There was that jaw on the floor moment when Steve mentioned that they wanted to grow Safari’s market share beyond it’s current status. My mind went to war with itself and I couldn’t see him saying what he said next. But he did, and now I’m running the Safari 3 beta on my Dell/Windows machine at work. Interesting. Again, this may not have been the news people were hoping for, but Developer Conference! Hello! It’s software and this is the place it would most logically fall. And care about Safari on Windows or not, it was a pretty earth-shattering announcement – just because it wasn’t the kind you were looking for, doesn’t mean it didn’t happen.

So maybe the WWDC 2007 Keynote wasn’t all you built it up to be in your head these past few days/weeks/months. But it had it’s ‘ooooo’ and ‘aaaaah’ moments, we got plenty of eye candy, there was ‘one more thing’ and ‘one last thing’. It wasn’t on par with announcing the switch to Intel, but not all of them will be. I say get over it and enjoy it for what it is.

New Asus convertible UMPC emerges, the T83?

Asus_umpcUltraMobileLive has some official pics of a new Asus mobile device, possibly dubbed the T83. The unit looks similar in form factor to the Fujitsu P1610 as it includes a swivel screen and full keyboard. UML has a few more pics and the promise of more specifications early next week. This is the same device reported by Steve here and Engadget here; Engadget shares some specs but let’s see what we hear from UML next week. In the meantime, I’ve got some initial impressions and observations after the jump.

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Celltop: iPhoney widgets from Alltel

Alltel_celltop OK, how long before Alltel gets a ‘cease & desist’ for the Apple-like widgets in their Celltop phone interface? We got a press release (PDF) yesterday on this one and clearly, they’re NOT widgets, they’re cells, ‘k? Actually, these individual cells look like a nice UI addition to a standard cell phone. You can add any number of custom cells such as a call log, weather, news, baseball, basketball, football, rodeo, stocks, text messaging inbox and ringtones. Actually, the "rodeo" cell alone may prove that there’s a difference between these cells and Apple’s widgets. Kinda funny that they have Apple as the top stock in the Stock Cell show below though…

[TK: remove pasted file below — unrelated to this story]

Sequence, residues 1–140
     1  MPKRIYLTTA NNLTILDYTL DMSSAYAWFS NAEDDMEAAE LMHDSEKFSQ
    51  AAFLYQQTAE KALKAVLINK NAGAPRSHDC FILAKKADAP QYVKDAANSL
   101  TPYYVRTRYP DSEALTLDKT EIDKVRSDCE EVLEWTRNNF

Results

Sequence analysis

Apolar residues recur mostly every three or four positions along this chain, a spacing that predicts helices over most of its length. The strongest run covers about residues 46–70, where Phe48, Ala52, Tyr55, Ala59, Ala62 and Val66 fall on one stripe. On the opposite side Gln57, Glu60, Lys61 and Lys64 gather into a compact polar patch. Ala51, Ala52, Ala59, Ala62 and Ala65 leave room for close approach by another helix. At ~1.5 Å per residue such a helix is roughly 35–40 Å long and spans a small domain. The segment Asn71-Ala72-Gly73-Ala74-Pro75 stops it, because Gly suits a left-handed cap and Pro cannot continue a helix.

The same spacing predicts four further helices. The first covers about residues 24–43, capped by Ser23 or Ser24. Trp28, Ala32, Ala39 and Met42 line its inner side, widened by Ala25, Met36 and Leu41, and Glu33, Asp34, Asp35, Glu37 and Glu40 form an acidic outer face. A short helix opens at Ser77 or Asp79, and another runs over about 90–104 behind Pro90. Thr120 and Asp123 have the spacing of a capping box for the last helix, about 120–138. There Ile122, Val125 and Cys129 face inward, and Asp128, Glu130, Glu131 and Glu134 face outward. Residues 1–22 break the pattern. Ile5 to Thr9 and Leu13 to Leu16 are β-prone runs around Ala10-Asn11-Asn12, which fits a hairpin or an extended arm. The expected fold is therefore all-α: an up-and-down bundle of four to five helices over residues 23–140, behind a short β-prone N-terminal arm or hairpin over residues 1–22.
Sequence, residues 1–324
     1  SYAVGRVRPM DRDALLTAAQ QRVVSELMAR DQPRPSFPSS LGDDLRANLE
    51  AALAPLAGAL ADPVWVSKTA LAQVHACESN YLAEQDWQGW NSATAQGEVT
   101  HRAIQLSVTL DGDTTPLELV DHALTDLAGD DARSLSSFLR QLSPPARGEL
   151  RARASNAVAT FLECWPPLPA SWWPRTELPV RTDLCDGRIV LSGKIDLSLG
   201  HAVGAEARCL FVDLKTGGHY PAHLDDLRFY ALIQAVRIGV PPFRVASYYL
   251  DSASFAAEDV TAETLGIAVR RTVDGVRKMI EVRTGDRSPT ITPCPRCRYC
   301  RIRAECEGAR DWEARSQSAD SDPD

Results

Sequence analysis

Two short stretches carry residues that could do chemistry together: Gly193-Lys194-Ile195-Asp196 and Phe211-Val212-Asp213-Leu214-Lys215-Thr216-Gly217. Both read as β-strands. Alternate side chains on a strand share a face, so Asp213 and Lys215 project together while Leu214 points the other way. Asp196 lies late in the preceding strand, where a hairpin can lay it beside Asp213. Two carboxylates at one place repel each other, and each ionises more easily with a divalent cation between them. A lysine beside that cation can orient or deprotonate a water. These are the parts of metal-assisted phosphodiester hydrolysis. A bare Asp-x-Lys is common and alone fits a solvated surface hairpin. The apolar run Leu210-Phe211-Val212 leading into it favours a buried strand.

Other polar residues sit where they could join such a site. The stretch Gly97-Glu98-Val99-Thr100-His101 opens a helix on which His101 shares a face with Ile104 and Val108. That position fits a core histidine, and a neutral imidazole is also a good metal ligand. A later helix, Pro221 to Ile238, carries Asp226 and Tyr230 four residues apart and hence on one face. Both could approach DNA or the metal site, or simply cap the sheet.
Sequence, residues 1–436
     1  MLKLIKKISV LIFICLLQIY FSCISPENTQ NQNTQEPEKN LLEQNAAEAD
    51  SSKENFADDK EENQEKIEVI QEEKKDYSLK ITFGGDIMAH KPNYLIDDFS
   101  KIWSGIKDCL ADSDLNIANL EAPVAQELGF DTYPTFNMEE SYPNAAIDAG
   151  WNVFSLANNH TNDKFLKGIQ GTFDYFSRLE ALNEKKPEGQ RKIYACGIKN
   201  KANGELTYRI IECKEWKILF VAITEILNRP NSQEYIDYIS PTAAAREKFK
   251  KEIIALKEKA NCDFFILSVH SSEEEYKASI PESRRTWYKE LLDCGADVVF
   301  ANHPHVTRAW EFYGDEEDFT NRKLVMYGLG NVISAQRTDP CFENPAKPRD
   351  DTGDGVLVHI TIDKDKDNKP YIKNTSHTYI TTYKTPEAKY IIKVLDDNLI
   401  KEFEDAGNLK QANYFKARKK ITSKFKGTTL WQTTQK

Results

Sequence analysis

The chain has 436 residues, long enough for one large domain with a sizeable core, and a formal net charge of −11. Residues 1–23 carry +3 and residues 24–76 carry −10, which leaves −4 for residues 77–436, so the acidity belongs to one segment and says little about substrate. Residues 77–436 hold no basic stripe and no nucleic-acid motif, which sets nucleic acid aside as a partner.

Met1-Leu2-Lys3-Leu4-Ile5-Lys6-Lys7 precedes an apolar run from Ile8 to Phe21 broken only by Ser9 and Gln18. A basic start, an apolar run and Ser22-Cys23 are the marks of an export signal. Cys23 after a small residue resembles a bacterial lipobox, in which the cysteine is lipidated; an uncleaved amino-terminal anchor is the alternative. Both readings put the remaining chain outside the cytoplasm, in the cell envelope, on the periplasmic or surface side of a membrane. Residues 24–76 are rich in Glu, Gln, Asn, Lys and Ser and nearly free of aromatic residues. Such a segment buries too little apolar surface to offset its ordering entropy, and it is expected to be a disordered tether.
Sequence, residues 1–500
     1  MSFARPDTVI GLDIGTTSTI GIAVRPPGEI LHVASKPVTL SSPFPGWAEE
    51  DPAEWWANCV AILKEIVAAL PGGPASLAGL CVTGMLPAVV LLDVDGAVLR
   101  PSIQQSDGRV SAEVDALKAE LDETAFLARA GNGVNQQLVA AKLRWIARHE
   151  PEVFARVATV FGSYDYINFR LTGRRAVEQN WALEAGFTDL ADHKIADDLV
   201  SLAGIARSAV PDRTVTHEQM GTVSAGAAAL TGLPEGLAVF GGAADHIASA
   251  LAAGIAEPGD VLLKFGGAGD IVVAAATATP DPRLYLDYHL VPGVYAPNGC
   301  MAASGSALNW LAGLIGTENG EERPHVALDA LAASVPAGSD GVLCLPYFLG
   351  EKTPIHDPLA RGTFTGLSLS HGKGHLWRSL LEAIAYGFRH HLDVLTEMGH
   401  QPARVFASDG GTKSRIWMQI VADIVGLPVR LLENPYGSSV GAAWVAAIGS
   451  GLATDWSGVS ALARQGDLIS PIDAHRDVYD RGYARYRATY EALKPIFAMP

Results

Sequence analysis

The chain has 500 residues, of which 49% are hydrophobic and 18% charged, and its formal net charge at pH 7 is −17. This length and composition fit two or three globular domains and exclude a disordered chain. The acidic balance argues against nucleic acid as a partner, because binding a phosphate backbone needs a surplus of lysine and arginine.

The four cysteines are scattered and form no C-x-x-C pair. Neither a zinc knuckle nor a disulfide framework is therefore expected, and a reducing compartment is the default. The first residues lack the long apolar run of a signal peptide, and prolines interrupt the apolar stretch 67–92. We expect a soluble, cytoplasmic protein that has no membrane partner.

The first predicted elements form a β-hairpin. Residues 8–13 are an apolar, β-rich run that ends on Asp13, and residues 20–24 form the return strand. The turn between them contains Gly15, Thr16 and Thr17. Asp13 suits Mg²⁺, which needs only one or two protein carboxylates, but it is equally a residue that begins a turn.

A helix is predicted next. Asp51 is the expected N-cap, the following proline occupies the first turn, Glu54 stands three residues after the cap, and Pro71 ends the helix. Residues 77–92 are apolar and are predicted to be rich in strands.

Alltel partnered up with Motricity on this one; you’ll see the new functionality on certain Alltel phones now, but the carrier expects to place this on all of their new phones by year end.

Celltop_call_log     Celltop_rodeo     Celltop_stocks

FCC DSL ruling tomorrow

Talk about being a very good day. Looks like Baby Bells will no longer have to share their wireline networks with other competitors, much like their cable industry peers. The Wall Street Journal reports that FCC could announce rule changes “as early as tomorrow, making it more difficult for independent Internet providers to offer high-speed service but offering an incentive for the Bells to build out broadband networks.” The Telecom Act of 1996 is finally dead. Bells got everything they wanted, including getting rid of getting all the competition.

EU pushes BPL

Broadband over powerline, so far has seen limited success, but that’s not stopping bureaucrats to push the technology in European Union. Given that DSL and other technologies are more easily available in Europe than say US, I wonder why they need to make a push on BPL. They say it will help digital divide in EU, since there are 200 million electricity lines and can carry broadband signals. Reuters adds, “The Commission said it takes an engineer about 1 hour to install PLC equipment in a transformer station to offer a signal to 150 to 250 households which can then use modems to tap it.”